How to Effectively Promote Your Content Marketing

Marketers all understand the importance of great content. But, when building a content marketing program for your organization, creating content is only the first step.

Marketers all understand the importance of great content. But, when building a content marketing program for your organization, creating content is only the first step.

The second step — as discussed in my previous post about reviewing your content marketing efforts in relation to the competitive landscape — requires marketers to ask themselves this question: What does your competition’s content marketing look like and how does yours compare?

Once you work through that audit, then you’re ready for the third step: distribution and promotion. Great content on its own isn’t enough. Great content designed to own a niche will get you closer. Leaping the final hurdle requires properly promoting that great, tightly targeted content. Here’s how.

Channels Is Spelled With an ’S’

In other words, it can’t be about one channel. Very rarely are there industries or niches in which only one channel is required.

That doesn’t mean finding every tiny audience you can and pummeling each with undifferentiated content. Instead, you must tailor content to each channel you have identified as a gathering place for your target audience.

Make sure the channel is appropriate for your message. For example, there’s a reason Fortune 500 B2B marketers advertise on golf tournaments. The audience is their desired demographic. But that doesn’t mean that they’d be smart to pump promotional material about their management consulting practice into an online golf forum. Same (or similar) audience, but much different atmosphere.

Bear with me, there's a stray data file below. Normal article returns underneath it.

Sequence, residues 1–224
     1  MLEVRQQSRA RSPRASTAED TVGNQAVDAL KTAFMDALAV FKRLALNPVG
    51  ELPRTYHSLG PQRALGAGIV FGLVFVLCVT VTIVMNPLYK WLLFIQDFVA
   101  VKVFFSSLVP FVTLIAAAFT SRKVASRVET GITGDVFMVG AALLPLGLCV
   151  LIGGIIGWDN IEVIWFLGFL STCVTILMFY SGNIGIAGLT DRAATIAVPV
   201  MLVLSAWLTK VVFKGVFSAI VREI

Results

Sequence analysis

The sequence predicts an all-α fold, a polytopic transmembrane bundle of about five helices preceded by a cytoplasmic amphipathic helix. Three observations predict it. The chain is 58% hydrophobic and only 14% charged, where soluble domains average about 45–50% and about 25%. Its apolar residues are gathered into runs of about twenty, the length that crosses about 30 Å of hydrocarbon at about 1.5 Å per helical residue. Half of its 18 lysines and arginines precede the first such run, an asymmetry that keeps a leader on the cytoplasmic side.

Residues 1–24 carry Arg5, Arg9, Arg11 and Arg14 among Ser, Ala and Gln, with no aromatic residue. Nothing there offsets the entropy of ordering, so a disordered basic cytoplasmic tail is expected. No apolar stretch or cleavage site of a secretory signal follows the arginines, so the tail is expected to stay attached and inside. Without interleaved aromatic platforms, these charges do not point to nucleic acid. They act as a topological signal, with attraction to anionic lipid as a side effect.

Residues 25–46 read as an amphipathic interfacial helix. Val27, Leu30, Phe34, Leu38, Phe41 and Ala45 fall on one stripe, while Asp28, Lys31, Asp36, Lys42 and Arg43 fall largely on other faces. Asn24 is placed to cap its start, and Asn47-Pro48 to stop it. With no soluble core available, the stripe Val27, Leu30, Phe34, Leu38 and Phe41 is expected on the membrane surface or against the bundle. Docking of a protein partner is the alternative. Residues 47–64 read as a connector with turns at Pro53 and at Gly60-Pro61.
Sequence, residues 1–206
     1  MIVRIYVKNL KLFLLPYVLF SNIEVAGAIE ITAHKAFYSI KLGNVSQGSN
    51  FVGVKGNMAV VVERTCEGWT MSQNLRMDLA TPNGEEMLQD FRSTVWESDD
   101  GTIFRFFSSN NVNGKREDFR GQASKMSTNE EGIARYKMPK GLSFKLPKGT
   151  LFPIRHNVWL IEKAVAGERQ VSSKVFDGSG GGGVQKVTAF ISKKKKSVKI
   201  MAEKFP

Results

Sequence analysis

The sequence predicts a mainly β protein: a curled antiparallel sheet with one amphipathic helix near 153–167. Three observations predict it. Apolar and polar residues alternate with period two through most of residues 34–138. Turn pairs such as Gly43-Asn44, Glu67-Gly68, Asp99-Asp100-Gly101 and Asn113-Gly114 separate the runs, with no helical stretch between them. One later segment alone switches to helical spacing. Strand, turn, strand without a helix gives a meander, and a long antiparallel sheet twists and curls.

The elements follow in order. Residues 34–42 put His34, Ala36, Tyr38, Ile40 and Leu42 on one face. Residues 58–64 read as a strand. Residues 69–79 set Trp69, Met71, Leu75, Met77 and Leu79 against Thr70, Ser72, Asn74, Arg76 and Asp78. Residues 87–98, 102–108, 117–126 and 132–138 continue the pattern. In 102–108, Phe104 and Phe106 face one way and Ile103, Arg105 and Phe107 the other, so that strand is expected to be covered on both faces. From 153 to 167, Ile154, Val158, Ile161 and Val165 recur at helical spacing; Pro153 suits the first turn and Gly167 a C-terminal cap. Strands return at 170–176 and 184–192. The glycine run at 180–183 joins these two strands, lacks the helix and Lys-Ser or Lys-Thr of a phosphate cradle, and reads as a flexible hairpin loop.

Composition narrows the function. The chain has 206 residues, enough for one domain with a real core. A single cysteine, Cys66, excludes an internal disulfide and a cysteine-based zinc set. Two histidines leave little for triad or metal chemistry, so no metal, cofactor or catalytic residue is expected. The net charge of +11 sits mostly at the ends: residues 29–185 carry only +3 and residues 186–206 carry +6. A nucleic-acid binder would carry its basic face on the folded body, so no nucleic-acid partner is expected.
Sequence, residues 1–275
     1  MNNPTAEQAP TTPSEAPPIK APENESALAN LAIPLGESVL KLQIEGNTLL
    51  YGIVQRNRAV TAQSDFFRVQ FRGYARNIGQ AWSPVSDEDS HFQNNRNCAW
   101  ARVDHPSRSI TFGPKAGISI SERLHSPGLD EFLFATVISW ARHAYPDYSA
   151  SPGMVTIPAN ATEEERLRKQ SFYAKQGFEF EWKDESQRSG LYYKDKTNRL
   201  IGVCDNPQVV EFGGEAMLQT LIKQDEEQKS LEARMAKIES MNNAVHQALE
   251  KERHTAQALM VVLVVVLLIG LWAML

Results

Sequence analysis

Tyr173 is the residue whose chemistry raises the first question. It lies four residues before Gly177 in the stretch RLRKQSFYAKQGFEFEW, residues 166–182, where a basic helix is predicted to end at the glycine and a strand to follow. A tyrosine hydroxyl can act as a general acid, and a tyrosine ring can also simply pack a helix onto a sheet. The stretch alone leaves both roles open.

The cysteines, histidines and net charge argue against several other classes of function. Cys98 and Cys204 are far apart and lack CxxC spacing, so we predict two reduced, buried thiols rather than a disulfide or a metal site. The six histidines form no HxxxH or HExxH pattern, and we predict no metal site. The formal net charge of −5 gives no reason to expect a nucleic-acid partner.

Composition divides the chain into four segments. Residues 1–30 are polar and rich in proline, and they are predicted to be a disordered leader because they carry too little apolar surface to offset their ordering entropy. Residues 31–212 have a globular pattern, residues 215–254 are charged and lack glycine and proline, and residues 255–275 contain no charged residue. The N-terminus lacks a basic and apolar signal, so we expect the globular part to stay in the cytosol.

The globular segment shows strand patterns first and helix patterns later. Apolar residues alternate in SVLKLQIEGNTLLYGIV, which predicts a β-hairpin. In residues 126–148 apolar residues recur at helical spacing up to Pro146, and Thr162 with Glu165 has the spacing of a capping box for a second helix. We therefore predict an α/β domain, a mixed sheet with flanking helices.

Also keep in mind that social media channels are all about your audience and their preferences. Not you and yours. Be sure of whose preferences you are catering to.

Email Marketing

Email’s importance and effectiveness as a marketing channel are hard to overrate. They’re easy to overuse, but hard to overrate. And easy to abuse. Spamming unknown users won’t work. Sending purely promotional content won’t work. Provide value, be relevant, and build a relationship. You’ll win business over time, even if the ramp up is slow.

Timesharing

Time share condos in the swamps of Florida have a bad reputation, and with good reason. Similarly, the idea of guest posting and cross-promoting have frequently been abused, but they can be incredibly effective in growing your audience quickly.

A guest post or jointly-produced piece of content is a warm introduction and a stamp of approval all rolled into one. You are being introduced and recommended to your counterpart’s audience and vice versa. These are great opportunities to seek out, assuming you and your partner can provide insights and information relevant to one another’s audiences.

Diversify Your Formats

Video is incredibly popular right now, but not everyone likes to watch videos as they’re researching their purchasing options. (It’s a lot easier to scan a written article to get to the info you’re looking for.)

That’s reason alone to adapt your content to different formats. Another benefit to that form of re-use is the efficiency it brings to the content development process. You can leverage the initial research and writing investment to create multiple related content elements.

The Importance of Relevance